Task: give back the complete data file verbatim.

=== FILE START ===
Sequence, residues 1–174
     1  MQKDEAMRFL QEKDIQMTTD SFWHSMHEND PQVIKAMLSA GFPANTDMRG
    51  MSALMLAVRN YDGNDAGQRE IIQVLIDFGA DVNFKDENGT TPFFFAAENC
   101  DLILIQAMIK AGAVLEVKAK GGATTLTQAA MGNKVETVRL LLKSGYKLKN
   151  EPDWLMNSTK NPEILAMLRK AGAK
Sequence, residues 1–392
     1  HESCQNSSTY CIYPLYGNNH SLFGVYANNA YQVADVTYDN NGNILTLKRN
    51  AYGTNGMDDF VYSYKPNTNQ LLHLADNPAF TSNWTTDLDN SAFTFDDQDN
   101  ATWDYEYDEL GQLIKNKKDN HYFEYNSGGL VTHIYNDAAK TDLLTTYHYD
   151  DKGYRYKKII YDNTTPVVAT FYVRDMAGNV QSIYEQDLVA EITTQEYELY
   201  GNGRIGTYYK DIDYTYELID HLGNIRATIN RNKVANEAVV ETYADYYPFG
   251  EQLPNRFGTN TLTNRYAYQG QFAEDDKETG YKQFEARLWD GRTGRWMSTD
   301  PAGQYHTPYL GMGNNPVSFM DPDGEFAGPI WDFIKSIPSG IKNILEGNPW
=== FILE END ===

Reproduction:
Sequence, residues 1–174
     1  MQKDEAMRFL QEKDIQMTTD SFWHSMHEND PQVIKAMLSA GFPANTDMRG
    51  MSALMLAVRN YDGNDAGQRE IIQVLIDFGA DVNFKDENGT TPFFFAAENC
   101  DLILIQAMIK AGAVLEVKAK GGATTLTQAA MGNKVETVRL LLKSGYKLKN
   151  EPDWLMNSTK NPEILAMLRK AGAK
Sequence, residues 1–392
     1  HESCQNSSTY CIYPLYGNNH SLFGVYANNA YQVADVTYDN NGNILTLKRN
    51  AYGTNGMDDF VYSYKPNTNQ LLHLADNPAF TSNWTTDLDN SAFTFDDQDN
   101  ATWDYEYDEL GQLIKNKKDN HYFEYNSGGL VTHIYNDAAK TDLLTTYHYD
   151  DKGYRYKKII YDNTTPVVAT FYVRDMAGNV QSIYEQDLVA EITTQEYELY
   201  GNGRIGTYYK DIDYTYELID HLGNIRATIN RNKVANEAVV ETYADYYPFG
   251  EQLPNRFGTN TLTNRYAYQG QFAEDDKETG YKQFEARLWD GRTGRWMSTD
   301  PAGQYHTPYL GMGNNPVSFM DPDGEFAGPI WDFIKSIPSG IKNILEGNPW